Socrates was once asked by a pupil, this question: “What kind of people shall we be when we reach Elysium?”
And the answer was this: “We shall be the same kind of people that we were here.”
If there is a life after this, we are preparing for it now, just as I am to-day preparing for my life to-morrow.
What kind of a man shall I be to-morrow? Oh, about the same kind of a man that I am now. The kind of a man that I shall be next month depends upon the kind of a man that I have been this month.
If I am miserable to-day, it is not within the round of probabilities that I shall be supremely happy to-morrow. Heaven is a habit. And if we are going to Heaven we would better be getting used to it.
Life is a preparation for the future; and the best preparation for the future is to live as if there were none.
We are preparing all the time for old age. The two things that make old age beautiful are resignation and a just consideration for the rights of others.
In the play of Ivan the Terrible, the interest centers around one man, the Czar Ivan. If anybody but Richard Mansfield played the part, there would be nothing in it. We simply get a glimpse into the life of a tyrant who has run the full gamut of goosedom, grumpiness, selfishness and grouch. Incidentally this man had the power to put other men to death, and this he does and has done as his whim and temper might dictate. He has been vindictive, cruel, quarrelsome, tyrannical and terrible. Now that he feels the approach of death, he would make his peace with God. But he has delayed that matter too long. He didn’t realize in youth and middle life that he was then preparing for old age.
Man is the result of cause and effect, and the causes are to a degree in our hands. Life is a fluid, and well has it been called the stream of life–we are going, flowing somewhere. Strip Ivan of his robes and crown, and he might be an old farmer and live in Ebenezer. Every town and village has its Ivan. To be an Ivan, just turn your temper loose and practise cruelty on any person or thing within your reach, and the result will be a sure preparation for a querulous, quarrelsome, pickety, snipity, fussy and foolish old age, accented with many outbursts of wrath that are terrible in their futility and ineffectiveness.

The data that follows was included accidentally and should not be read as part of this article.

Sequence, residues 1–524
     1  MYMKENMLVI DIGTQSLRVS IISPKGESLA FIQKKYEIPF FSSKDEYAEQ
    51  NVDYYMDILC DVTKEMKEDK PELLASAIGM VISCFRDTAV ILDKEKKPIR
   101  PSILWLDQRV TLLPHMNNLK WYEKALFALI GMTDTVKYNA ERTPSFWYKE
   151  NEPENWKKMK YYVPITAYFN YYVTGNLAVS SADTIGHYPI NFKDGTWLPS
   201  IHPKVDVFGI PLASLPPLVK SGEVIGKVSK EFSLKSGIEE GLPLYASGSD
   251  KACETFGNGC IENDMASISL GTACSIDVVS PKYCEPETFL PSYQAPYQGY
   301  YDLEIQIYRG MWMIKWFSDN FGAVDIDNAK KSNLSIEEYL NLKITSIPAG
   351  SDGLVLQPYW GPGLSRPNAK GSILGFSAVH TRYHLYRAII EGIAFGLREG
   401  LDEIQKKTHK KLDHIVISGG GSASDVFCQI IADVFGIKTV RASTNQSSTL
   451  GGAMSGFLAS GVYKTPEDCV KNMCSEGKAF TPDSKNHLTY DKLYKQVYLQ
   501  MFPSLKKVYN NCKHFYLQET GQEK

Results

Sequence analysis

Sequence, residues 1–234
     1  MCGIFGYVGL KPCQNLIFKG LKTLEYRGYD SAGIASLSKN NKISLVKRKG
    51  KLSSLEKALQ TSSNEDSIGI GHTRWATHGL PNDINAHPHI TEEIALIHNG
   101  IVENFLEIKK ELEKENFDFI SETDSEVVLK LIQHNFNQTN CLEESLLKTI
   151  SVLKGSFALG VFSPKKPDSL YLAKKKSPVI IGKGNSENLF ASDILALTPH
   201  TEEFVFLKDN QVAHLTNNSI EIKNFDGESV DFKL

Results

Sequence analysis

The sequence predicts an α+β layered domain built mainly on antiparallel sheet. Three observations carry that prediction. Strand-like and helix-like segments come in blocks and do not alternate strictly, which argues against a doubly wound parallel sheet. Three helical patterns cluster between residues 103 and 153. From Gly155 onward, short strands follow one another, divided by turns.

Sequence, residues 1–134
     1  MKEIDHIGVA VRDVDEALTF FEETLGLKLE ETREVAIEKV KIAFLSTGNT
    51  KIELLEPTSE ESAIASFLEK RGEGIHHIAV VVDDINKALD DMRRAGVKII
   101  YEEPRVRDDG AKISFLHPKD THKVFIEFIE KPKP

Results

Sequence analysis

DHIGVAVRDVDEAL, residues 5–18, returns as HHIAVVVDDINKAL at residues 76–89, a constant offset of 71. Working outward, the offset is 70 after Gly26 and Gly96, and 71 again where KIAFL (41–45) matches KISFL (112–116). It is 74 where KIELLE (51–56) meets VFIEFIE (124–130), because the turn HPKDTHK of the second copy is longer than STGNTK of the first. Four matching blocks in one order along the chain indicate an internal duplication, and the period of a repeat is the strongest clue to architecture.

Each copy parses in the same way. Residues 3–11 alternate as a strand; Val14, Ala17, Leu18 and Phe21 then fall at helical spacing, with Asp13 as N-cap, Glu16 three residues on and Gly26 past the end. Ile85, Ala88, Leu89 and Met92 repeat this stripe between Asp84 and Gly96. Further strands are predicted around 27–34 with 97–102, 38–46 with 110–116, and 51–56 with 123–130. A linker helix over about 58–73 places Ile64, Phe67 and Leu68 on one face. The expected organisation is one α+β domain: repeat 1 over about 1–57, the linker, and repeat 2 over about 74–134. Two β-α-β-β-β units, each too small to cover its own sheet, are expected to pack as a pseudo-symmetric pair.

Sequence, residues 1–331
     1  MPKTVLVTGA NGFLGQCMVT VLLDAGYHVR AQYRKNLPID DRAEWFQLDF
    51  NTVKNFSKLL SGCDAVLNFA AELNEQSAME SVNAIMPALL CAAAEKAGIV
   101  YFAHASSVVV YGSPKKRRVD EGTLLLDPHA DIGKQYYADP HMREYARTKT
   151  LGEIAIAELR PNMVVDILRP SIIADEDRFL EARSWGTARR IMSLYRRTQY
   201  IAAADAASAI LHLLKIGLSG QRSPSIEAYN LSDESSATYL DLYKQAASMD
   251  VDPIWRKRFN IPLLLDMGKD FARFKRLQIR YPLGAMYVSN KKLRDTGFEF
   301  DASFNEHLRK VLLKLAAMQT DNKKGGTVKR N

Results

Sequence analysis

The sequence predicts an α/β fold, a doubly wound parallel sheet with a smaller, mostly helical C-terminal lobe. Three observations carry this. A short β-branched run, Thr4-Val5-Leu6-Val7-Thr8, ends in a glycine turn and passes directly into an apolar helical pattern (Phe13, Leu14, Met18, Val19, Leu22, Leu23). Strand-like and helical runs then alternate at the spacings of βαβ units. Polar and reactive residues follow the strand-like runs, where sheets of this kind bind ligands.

Babyhood has no monopoly on the tantrum. The characters of King Lear and Ivan the Terrible have much in common. One might almost believe that the writer of Ivan had felt the incompleteness of Lear, and had seen the absurdity of making a melodramatic bid for sympathy in behalf of this old man thrust out by his daughters.
Lear, the troublesome, Lear to whose limber tongue there was constantly leaping words unprintable and names of tar, deserves no soft pity at our hands. All his life he had been training his three daughters for exactly the treatment he was to receive. All his life Lear had been lubricating the chute that was to give him a quick ride out into that black midnight storm.
“Oh, how sharper than a serpent’s tooth it is to have a thankless child,” he cries.
There is something quite as bad as a thankless child, and that is a thankless parent–an irate, irascible parent who possesses an underground vocabulary and a disposition to use it.
The false note in Lear lies in giving to him a daughter like Cordelia. Tolstoy and Mansfield ring true, and Ivan the Terrible is what he is without apology, excuse or explanation. Take it or leave it–if you do not like plays of this kind, go to see Vaudeville.